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General approach to the child with a limp

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General approach to the child with a limp.

A conservative approach indicated, since very few children without systemic symptoms or true arthritis have any significant disorder. If pain persists or you suspect an acute arthritis, diagnostic evaluations can include a CBC, with differential ESR, anti-streptolysin O titer, rheumatoid factor, throat and urine cultures, ultrasonography for joint effusion, and radiographic studies of the hips. A joint tap should be done when there is clinical suspicion of a septic joint and an effusion by U/S.
Differential Diagnosis and Approach

Transient tenosynovitis (irritable hip).
Most common cause of limp (well over 90% in some series).
Frequently follows URI or streptococcal infection.
May have joint effusion but not true arthritis.
Generally resolves within 24 to 48 hours with rest and ibuprofen-acetaminophen.

Septic hip joint. A true emergency
Generally febrile with elevated ESR, WBC >18,000/mm3, but lab values may be normal and may overlap with those of other illnesses.
Will generally look sick and hold hip in flexion and external rotation.
Effusion present on ultrasonography but may also have effusion with transient tenosynovitis (71%). Tap is diagnostic.
Relatively sudden onset and rapid course.
Treat with antistaphylococcal antibiotics. Requires orthopedic consultation and surgical intervention.

Legg-Calvé-Perthes disease (aseptic necrosis of the femoral capital head).
Most common between 5 and 10 years of age.
Slow insidious onset of limp and hip pain, which is progressive. Have limitation of motion of the hip.
Diagnosis by radiography of affected hip (see lucency of femoral head and eventually sclerosis and destruction of femoral head). Bone scan may reveal abnormalities earlier than radiograph would show.
Treatment requires consultation with orthopedics staff and includes rest, anti-inflammatories, and casting for more severe cases.

Slipped femoral epiphysis.
Generally seen in overweight teenagers, especially boys.
May have insidious onset of pain but can also follow acute trauma.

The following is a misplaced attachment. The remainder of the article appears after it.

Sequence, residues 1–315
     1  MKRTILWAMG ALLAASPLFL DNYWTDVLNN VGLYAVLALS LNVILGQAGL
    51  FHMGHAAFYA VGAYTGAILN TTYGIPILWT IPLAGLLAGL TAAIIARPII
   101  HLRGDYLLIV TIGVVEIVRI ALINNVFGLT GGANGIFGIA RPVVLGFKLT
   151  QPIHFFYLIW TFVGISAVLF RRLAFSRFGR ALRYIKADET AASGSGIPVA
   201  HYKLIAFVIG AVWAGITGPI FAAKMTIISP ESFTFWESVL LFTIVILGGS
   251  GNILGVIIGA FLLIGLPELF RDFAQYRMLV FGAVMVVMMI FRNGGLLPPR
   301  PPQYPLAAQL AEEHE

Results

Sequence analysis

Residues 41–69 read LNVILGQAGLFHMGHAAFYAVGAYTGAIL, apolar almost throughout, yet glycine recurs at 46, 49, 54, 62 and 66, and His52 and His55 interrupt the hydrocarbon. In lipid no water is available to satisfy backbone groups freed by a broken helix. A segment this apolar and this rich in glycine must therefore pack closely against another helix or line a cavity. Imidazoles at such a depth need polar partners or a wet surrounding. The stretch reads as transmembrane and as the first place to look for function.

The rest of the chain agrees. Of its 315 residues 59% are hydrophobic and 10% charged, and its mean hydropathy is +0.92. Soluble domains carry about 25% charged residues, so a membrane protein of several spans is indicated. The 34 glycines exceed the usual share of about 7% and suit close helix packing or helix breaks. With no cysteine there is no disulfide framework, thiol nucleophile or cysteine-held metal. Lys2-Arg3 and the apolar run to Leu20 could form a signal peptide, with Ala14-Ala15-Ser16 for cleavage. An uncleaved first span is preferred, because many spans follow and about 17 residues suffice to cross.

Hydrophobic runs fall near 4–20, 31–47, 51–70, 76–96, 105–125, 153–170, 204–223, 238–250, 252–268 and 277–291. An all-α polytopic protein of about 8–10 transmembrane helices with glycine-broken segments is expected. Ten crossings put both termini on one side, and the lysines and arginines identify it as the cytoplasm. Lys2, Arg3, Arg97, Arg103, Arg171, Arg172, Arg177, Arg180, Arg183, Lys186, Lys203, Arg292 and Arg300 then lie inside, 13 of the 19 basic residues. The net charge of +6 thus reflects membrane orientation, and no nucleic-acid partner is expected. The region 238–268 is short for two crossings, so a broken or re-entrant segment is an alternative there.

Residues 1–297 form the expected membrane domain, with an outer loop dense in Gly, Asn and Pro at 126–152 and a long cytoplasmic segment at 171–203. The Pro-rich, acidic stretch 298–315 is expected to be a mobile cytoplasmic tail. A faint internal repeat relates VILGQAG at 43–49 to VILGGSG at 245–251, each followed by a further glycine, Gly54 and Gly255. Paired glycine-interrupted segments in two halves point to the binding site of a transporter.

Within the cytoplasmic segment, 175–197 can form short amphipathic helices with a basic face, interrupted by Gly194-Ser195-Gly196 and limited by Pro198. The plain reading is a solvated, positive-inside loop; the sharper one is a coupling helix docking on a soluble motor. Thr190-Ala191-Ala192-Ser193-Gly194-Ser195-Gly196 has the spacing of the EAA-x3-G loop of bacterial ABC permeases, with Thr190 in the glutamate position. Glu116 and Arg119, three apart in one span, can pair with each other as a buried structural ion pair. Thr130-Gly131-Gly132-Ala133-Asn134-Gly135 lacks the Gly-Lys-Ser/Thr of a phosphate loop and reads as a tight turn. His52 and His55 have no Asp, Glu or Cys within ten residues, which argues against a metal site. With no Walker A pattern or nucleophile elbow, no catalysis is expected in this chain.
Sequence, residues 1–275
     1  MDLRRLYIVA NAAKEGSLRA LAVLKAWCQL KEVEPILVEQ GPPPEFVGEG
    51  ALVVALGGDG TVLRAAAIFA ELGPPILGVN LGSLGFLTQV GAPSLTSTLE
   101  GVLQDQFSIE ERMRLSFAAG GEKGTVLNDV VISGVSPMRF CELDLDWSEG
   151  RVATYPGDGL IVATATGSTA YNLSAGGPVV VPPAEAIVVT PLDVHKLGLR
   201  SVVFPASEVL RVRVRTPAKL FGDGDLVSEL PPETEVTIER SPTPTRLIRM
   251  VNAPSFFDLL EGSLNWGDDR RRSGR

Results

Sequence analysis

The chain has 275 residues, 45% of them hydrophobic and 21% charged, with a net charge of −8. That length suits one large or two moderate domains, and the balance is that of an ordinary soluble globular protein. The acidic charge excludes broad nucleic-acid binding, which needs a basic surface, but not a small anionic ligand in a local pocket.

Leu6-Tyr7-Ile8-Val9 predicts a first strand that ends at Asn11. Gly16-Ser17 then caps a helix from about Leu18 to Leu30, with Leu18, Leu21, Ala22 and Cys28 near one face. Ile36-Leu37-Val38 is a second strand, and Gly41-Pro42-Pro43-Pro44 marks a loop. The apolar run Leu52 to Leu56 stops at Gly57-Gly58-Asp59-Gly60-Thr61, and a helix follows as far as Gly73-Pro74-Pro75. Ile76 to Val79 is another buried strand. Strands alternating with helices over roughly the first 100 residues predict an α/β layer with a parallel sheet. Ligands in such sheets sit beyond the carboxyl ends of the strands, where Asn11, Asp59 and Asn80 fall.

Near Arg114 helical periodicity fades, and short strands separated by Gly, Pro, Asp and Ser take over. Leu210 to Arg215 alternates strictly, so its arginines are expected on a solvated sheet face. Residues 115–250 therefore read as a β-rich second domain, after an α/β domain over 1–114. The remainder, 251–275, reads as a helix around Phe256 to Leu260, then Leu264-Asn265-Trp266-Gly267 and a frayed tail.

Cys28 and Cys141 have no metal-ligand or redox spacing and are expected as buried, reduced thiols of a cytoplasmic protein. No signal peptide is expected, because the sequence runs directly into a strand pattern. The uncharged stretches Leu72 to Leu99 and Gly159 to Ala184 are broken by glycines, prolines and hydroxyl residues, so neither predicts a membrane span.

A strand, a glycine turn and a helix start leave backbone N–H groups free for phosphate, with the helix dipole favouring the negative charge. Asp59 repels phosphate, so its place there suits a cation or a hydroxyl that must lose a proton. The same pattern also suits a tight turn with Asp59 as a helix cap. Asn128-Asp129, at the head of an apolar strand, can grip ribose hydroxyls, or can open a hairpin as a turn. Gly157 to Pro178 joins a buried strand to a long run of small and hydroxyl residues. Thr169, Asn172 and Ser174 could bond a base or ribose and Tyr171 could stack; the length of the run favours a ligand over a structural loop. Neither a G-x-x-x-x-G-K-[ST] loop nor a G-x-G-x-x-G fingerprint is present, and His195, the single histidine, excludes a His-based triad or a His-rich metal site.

May be pain with passive motion.
Diagnosis by frog-legged radiographs of both hips.
Treatment is by orthopedic referral and surgical fixation.

Osgood-Schlatter disease.
Characterized by pain over the tibial tubercle, which is usually unilateral.
Usually occurs in active children between 10 and 15 years of age.
Treatment is rest and NSAIDs.

Diskitis.
An inflammatory process of the disk or disks (usually L3 to L5), which may be infectious in cause (staphylococcal primarily).
Presents with refusal to walk or limp, low-grade fever, and 'tripod posturing' - leaning back with back extended onto outstretched arms when sitting.
Generally have pain over involved disk area but may also have pain on straight-leg raising, hip motion.
Sedimentation rate almost always elevated, but CBC may be normal. Disk space may be narrowed on radiograph. Bone scan will show inflammatory focus.
Treatment is generally supportive with anti-inflammatories but may need antibiotics. Orthopedic consultation recommended.

Juvenile rheumatoid arthritis.
Defined as presentation of rheumatoid arthritis before 16 years of age.
20% have 'Still's disease,' which is JRA plus fever, thrombocytopenia, splenomegaly, generalized adenopathy.
40% have onset in one or a few joints.
40% have polyarticular onset similar to adult onset.
75% have complete remissions.




Jaundice is visible when a baby has a serum bilirubin level that exceeds 5 mg/dl. Generally jaundice is visible first on the head and progresses to the feet. It resolves with the opposite pattern, the feet clearing first.








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